Doctor of Philosophy (PhD)



Document Type



Scholars have argued that athletics are utilized by universities to advertise their school to all individuals (Collins, 2012; Dwyer, Eddy, Havard, & Braa, 2010; Toma & Cross, 1998; Washington & Ventresca, 2004; Weaver, 2010). Expectedly, university officials are willing to contribute resources in order to develop an effective athletics program to establish an institution’s legitimacy among other universities (Collins, 2012; Toma & Cross, 1998; Washington & Ventresca, 2004). One tactic employed by schools focuses on the process of athletic association reclassification into the National Collegiate Athletic Association (NCAA) from other member associations (e.g., National Association for Intercollegiate Athletics). Officials consider this move due to the NCAA’s identity as the premiere intercollegiate athletic association. As such, studies on college movement recognized that universities are more likely to move to the NCAA if other universities with shared characteristics have reclassified in order to become legitimate among peers (Smith, Williams, Soebbing, & Washington, 2013; Washington, 2004; 2004-05). However, research has not been conducted to estimate the quantity and duration of a potential 'reclassification' effect. The purpose of this dissertation is to determine if a change in athletic association will increase the number of application receives after reclassification. The dissertation analyzes this phenomenon through the movement of former NAIA member schools from 1959 to 2012 to the NCAA.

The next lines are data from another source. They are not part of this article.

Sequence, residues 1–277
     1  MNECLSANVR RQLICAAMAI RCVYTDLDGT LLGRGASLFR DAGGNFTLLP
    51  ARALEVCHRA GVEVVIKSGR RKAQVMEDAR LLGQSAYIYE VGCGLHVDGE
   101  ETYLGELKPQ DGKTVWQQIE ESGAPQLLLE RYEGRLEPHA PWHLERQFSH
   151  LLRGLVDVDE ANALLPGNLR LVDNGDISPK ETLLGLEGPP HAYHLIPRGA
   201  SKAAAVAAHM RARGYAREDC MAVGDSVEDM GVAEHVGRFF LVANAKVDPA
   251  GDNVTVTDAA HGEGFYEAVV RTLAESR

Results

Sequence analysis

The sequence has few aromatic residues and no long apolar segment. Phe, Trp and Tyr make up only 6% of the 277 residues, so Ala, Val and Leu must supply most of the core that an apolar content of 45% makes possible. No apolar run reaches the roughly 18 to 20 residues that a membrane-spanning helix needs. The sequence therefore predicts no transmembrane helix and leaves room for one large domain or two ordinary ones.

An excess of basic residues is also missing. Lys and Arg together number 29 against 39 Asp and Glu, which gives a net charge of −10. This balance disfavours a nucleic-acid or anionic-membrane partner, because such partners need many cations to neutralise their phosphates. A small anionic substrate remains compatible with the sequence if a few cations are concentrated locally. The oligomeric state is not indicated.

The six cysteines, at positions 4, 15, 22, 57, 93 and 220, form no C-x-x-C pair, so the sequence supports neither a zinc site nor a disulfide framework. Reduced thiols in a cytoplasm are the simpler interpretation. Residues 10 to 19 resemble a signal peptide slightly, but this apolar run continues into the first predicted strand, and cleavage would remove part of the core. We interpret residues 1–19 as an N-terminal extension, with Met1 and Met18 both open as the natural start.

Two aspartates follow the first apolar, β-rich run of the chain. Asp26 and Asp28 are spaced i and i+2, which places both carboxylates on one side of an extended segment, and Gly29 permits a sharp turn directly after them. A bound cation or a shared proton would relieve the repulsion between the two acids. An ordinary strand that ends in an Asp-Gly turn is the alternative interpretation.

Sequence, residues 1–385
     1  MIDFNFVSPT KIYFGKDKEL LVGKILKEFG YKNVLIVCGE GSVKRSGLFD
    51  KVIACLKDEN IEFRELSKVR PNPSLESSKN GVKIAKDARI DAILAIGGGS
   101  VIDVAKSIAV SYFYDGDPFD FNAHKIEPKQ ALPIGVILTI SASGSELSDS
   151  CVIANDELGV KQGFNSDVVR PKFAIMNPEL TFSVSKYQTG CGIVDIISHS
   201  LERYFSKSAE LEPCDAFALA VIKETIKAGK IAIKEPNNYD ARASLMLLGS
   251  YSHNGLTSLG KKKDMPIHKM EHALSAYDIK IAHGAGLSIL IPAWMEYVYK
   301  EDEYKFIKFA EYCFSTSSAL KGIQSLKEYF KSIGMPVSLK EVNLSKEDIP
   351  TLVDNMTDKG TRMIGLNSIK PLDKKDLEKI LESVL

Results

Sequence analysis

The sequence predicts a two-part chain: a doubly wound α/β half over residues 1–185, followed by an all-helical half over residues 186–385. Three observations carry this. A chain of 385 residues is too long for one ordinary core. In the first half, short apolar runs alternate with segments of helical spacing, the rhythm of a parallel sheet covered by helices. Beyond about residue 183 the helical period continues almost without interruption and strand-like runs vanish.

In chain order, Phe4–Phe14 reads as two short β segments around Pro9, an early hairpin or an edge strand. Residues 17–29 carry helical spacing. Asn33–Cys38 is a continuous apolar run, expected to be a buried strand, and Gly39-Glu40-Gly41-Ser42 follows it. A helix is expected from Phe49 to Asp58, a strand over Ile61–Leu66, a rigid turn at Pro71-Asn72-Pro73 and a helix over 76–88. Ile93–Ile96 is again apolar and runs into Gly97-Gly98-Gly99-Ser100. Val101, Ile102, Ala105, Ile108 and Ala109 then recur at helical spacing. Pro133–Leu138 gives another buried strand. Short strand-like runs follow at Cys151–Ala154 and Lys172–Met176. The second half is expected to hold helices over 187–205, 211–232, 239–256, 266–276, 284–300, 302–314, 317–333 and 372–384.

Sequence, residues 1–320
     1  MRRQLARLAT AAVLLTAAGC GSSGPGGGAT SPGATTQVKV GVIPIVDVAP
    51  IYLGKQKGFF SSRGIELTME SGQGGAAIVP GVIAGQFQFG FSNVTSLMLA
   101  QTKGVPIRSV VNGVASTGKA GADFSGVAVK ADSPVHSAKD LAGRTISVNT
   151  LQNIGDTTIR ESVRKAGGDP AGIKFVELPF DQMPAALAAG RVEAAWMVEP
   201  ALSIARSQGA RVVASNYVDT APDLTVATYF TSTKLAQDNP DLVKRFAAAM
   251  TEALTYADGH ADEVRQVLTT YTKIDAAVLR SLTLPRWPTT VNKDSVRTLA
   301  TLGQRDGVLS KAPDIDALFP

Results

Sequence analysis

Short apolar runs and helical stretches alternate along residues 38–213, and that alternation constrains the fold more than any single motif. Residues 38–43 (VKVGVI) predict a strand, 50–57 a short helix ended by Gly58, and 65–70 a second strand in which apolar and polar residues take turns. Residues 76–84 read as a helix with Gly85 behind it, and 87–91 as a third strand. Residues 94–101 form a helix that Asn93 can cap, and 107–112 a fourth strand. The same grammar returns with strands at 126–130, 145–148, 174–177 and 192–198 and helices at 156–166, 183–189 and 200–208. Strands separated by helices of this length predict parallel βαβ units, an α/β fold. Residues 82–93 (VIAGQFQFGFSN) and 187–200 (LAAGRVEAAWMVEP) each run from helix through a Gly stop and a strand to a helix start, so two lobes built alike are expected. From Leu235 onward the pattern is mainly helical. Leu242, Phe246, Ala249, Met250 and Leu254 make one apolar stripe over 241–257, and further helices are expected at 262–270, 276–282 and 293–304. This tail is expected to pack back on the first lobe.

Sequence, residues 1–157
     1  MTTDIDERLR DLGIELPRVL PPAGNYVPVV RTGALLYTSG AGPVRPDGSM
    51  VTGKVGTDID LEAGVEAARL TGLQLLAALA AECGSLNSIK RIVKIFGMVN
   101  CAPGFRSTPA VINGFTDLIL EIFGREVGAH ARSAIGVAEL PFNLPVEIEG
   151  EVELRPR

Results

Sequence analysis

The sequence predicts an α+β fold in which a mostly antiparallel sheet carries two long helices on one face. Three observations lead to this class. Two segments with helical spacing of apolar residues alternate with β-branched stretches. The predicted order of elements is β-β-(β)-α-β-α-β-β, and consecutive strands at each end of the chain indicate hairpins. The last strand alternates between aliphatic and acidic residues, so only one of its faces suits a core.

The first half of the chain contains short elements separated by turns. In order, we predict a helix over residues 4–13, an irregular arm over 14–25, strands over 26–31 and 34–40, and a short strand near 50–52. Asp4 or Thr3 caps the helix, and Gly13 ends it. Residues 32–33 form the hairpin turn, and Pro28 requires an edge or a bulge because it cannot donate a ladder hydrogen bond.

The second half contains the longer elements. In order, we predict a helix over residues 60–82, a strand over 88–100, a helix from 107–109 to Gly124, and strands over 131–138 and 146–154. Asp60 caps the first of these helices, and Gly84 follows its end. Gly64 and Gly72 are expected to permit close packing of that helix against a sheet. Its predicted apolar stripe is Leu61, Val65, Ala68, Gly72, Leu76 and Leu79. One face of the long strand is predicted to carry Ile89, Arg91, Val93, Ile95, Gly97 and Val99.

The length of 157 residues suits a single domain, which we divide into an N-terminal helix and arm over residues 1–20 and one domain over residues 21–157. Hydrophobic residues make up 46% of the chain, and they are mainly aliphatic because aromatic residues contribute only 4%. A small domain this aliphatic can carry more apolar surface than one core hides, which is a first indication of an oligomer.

Document Availability at the Time of Submission

Release the entire work immediately for access worldwide.

Committee Chair

Seifried, Chad

Included in

Kinesiology Commons